Magnesium plays an integral role in the human body. I first questioned if I was getting enough magnesium in my diet when I was 18. My migraines increased in frequency, and I read that magnesium COULD be the cause! I did take magnesium supplements but I consciously increased the amount of magnesium-rich foods I ate. Now, I take magnesium supplements daily! But, does science agree that they are helpful?
What Exactly Does Magnesium Do?
Magnesium, which you probably know from the periodic table of elements, is a light silver metal that ignites easily and burns brightly. Luckily, in the human body, it doesn’t do that.
It is present in over 300 enzyme systems in our bodies, such as protein synthesis, energy production, and blood pressure regulation. It plays a role in heart rate, muscle contraction, and nerve impulse conduction! Basically, if your body is doing something, magnesium has a role to play.
Most of our bodies’ magnesium is stored in our bones and soft tissues. Less than 1% is present in our blood, which makes it difficult to measure. By the time our magnesium levels in our blood drop, we are often dangerously deficient in this essential mineral.
Therefore, many doctors will not prescribe magnesium supplements. As always, the preferred source for this mineral is in our diet!
Do You Need Magnesium Supplements To Reach Your Recommended Daily Intake?
Adult males should consume around 420 mg of magnesium each day. Adult females should consume around 310 mg. Magnesium supplements can provide anywhere from 100 mg – 200 mg of this important mineral. However, you may not be able to absorb as much magnesium from a supplement as you would from whole foods.
- Almonds: 80 mg/serving
- Spinach: 73 mg/serving
- Black beans: 60 mg/serving
- Cashews: 74 mg/serving
- Hemp hearts: 210 mg/serving
- Dark chocolate: 50 mg/serving
In short, leafy greens, nuts and seeds, and whole grains are all rich in magnesium! Why is this exciting? Because these foods are the cornerstone to a healthy diet! They are also rich in potassium AND fiber.
How To Know If You Have Too Much Or Too Little
As with many nutrients, it is possible to have too much of a good thing.
For example, hypomagnesemia (magnesium deficiency/insufficiency) can look like:
- Headaches or migraines
- Muscle cramps
- Restless leg syndrome and/or muscle spasms
- Anxiety and/or depression
A lack of magnesium can explain many problems!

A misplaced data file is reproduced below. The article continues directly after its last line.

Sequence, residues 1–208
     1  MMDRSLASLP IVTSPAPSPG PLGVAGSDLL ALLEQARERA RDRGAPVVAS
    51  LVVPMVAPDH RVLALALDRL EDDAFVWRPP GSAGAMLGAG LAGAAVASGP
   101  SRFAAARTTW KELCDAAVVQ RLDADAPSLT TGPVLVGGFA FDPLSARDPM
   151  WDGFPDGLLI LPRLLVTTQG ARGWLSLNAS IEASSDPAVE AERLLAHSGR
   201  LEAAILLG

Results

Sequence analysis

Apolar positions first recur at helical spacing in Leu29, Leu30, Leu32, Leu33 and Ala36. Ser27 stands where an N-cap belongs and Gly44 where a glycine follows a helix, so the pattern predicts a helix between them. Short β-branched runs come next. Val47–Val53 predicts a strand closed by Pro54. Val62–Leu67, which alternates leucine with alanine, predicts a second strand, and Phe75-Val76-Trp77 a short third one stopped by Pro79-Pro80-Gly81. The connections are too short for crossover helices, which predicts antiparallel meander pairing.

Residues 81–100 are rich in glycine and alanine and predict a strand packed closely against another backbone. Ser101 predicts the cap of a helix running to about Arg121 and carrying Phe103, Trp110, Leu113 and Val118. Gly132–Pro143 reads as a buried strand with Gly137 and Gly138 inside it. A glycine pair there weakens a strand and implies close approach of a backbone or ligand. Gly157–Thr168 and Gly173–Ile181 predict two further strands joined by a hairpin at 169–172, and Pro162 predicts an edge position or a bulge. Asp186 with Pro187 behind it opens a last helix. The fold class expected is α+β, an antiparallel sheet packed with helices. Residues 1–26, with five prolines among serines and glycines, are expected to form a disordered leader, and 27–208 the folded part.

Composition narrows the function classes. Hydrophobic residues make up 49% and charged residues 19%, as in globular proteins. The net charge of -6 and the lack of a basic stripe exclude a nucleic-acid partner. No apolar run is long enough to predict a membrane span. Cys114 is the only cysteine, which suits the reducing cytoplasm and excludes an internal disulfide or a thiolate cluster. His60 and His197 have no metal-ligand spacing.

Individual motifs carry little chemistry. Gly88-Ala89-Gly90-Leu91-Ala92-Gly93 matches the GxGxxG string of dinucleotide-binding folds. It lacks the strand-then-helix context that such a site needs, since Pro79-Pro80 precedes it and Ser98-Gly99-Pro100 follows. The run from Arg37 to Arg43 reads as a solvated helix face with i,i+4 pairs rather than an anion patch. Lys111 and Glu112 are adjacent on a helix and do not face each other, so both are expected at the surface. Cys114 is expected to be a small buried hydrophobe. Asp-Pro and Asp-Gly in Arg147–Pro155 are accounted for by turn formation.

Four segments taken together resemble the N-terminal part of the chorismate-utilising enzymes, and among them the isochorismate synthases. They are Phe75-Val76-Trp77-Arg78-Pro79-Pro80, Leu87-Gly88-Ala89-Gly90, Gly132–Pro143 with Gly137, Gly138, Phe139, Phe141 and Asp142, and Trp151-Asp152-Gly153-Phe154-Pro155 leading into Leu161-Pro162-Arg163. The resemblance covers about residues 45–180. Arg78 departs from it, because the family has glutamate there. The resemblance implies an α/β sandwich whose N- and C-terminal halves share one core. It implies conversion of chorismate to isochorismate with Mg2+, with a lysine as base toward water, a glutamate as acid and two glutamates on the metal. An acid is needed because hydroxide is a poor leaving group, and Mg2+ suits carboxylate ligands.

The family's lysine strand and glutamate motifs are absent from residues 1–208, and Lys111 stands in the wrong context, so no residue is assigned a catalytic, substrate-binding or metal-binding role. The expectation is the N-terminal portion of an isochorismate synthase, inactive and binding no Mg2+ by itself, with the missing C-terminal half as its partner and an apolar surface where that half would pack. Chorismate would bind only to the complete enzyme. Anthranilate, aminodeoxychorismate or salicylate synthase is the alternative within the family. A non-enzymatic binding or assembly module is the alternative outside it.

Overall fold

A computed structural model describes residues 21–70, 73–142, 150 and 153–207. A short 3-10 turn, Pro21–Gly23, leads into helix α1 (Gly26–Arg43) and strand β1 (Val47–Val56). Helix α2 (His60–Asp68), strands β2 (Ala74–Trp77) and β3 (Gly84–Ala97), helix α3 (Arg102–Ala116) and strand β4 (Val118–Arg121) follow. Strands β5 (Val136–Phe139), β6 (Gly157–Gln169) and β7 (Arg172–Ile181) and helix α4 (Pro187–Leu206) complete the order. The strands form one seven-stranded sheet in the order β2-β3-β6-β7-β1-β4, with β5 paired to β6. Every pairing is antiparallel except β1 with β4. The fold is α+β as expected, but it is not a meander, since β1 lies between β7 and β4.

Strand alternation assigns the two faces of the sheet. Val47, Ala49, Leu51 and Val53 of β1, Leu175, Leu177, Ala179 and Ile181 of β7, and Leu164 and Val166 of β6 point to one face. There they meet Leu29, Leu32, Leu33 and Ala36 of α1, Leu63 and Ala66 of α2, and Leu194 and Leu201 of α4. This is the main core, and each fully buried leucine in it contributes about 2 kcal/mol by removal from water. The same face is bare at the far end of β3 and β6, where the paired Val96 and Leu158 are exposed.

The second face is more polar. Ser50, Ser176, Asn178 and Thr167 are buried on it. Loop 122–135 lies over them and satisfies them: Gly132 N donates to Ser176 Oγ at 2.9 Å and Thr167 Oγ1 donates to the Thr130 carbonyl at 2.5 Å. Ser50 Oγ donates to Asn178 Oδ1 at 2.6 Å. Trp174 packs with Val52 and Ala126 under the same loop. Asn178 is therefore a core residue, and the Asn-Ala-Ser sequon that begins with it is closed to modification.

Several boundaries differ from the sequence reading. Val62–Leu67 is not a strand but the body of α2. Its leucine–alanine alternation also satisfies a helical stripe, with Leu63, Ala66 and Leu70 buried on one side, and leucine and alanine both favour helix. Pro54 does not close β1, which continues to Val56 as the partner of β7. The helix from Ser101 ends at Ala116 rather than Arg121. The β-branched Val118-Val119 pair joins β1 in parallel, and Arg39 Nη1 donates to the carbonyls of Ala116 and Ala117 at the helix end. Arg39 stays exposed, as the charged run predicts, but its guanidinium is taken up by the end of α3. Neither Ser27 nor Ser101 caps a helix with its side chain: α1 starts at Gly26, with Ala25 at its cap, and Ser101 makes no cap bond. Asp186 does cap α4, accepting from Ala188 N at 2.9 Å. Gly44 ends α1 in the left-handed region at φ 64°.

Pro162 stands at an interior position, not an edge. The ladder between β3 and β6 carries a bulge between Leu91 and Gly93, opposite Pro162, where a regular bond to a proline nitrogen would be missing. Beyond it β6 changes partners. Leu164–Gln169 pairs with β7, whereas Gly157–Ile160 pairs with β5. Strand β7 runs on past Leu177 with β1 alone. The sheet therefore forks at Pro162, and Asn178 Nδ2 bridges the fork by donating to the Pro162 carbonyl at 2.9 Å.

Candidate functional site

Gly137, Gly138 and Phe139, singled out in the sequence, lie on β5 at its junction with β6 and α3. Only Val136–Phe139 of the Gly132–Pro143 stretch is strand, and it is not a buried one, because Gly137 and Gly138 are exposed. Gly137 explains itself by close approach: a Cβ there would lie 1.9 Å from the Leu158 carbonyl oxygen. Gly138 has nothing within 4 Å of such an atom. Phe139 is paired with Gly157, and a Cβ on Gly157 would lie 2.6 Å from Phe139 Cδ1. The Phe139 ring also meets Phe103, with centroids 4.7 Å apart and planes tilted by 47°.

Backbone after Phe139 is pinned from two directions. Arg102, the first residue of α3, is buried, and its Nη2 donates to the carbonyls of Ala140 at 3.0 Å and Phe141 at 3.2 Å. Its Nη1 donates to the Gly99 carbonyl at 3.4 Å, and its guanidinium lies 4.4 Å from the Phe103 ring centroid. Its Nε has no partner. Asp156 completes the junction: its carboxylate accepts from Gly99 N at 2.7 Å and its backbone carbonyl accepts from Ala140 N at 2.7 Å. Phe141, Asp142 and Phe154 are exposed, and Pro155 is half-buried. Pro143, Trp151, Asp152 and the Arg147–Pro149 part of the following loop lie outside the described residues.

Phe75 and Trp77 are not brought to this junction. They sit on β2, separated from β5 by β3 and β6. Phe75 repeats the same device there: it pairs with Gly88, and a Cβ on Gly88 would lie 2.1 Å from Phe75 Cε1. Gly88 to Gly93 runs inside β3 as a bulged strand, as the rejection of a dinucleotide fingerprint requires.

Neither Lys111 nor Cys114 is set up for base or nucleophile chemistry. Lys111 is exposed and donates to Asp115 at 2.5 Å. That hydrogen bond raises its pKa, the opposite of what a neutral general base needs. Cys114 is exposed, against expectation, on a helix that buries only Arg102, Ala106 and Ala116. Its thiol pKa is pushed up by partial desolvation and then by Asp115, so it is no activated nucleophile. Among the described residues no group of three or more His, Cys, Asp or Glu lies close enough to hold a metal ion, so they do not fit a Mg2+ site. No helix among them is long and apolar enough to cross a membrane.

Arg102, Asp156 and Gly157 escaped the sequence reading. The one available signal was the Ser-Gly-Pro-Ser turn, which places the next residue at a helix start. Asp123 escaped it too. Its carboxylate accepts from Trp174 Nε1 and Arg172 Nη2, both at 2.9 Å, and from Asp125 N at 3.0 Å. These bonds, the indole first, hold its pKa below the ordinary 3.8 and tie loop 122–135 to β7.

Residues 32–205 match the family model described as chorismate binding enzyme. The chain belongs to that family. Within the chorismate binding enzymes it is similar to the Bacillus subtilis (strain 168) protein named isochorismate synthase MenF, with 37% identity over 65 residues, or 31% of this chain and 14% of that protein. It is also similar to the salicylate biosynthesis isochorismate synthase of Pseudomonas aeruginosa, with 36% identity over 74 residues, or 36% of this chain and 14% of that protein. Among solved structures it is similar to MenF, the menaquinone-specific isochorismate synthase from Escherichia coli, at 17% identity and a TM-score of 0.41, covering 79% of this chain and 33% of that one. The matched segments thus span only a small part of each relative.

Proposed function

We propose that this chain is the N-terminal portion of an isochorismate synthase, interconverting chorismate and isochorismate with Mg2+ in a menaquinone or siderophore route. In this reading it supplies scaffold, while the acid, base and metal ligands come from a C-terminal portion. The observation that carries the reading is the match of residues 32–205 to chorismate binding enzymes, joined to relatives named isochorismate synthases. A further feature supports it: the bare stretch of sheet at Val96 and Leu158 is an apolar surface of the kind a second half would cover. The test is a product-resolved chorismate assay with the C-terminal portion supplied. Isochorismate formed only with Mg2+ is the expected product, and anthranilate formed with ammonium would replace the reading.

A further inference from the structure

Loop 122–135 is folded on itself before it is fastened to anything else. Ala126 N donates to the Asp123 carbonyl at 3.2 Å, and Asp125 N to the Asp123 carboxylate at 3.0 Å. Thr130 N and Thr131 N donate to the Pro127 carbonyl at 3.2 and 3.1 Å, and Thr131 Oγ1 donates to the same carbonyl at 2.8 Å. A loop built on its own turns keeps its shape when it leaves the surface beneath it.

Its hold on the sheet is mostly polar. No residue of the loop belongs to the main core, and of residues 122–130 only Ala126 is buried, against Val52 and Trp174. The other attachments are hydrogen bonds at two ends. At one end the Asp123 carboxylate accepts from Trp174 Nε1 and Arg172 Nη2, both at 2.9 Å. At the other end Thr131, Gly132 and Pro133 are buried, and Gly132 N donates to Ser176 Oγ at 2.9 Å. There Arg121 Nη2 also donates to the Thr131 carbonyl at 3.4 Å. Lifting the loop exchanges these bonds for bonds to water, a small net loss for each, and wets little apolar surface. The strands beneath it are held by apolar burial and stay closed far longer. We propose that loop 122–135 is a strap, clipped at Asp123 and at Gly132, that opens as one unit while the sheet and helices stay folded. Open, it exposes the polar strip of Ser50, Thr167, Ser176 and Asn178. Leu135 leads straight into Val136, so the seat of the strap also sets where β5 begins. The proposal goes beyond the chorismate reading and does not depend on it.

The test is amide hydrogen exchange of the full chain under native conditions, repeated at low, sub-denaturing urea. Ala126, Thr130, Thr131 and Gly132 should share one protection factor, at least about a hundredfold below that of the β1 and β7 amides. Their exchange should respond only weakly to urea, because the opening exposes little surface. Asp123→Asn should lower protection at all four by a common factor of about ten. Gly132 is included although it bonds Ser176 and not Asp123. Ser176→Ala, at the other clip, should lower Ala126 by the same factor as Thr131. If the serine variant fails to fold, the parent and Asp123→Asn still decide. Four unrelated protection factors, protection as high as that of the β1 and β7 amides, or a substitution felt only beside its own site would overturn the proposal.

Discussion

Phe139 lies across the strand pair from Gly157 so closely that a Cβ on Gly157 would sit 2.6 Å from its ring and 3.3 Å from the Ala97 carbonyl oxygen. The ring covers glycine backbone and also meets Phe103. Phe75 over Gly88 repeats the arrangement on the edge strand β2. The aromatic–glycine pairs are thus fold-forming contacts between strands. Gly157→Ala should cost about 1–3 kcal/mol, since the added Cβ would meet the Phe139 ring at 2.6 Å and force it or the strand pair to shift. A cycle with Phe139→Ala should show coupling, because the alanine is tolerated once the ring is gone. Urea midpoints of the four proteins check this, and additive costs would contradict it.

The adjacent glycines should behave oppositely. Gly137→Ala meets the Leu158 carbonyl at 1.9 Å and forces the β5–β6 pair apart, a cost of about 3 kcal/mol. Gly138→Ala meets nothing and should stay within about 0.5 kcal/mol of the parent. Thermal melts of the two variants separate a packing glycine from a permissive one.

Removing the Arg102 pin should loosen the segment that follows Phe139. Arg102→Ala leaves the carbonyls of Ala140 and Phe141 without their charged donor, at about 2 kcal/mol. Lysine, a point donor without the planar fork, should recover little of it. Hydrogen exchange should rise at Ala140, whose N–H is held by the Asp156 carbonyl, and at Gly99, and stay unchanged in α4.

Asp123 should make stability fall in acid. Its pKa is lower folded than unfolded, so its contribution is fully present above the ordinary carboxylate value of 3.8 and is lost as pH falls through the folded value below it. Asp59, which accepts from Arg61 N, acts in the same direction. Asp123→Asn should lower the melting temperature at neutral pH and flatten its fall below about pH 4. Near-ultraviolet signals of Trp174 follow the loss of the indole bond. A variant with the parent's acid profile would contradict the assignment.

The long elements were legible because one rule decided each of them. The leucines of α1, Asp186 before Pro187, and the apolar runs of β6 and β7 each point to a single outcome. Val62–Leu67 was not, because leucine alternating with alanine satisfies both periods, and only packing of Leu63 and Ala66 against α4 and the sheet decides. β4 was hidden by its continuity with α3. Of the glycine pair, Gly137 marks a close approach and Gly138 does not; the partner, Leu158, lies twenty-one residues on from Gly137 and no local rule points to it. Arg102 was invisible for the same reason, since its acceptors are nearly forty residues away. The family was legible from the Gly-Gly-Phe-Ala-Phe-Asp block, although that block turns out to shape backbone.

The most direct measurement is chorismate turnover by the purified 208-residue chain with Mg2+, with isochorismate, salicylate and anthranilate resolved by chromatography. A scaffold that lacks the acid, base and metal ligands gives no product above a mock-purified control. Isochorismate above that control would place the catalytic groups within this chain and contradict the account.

On the other hand, it is also important to look at potential lifestyle causes of low magnesium. For example, alcohol reduces the amount of magnesium absorbed while increasing the amount lost in urine! We can also lose magnesium because of diarrhea, hormone levels, certain drugs, proton pump inhibitors, and breastfeeding.
Overall, you can be confident that it is a good thing to add more magnesium to your diet.
When You Have Too Much: Are Magnesium Supplements To Blame?
It is difficult to have TOO MUCH magnesium, but not impossible.
Magnesium poisoning has NEVER been linked back to food sources. Magnesium supplements, however, can cause problems if taken unnecessarily.
How much magnesium is too much? The following symptoms may indicate high magnesium levels. Talk to your doctor if you are concerned, and remember, you CANNOT overdose on magnesium from food alone.
- High blood pressure or dangerously low blood pressure
- Lethargy, excess tiredness, and exhaustion
- Irregular heartbeat
Magnesium overdose can be exacerbated by kidney disease or impaired kidney function. Why? Because our kidneys are responsible for removing toxins and nutrients from our blood!
If they can’t do their job, then our nutrient levels can struggle to maintain stable levels.
Is Magnesium Really A “Cure-All”?
You don’t have to look far to learn that magnesium is suggested for just about any ailment. You can treat chronic pain, migraines, anxiety, depression, and much more with magnesium supplements! Or so they say…
But, what do scientists say? Can magnesium supplements help your health? Or, is it simply another matter of “eat healthy, magnesium-rich foods, and you will feel healthier”?
Let’s take a look!
Magnesium Supplements for Migraines
Can I manage my migraines with a magnesium supplement? According to popular science (and my neuroscientist), yes!